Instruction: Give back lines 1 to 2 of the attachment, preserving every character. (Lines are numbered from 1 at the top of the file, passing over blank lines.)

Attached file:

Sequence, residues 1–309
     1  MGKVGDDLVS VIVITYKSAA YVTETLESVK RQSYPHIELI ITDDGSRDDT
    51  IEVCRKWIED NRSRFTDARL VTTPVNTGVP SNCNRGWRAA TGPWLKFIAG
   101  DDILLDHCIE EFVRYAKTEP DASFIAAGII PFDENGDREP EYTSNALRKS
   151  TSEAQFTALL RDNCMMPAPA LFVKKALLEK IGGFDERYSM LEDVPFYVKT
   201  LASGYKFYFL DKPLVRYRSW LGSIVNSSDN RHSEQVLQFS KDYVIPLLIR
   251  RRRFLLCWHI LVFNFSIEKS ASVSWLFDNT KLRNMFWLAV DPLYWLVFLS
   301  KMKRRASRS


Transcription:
Sequence, residues 1–309
     1  MGKVGDDLVS VIVITYKSAA YVTETLESVK RQSYPHIELI ITDDGSRDDT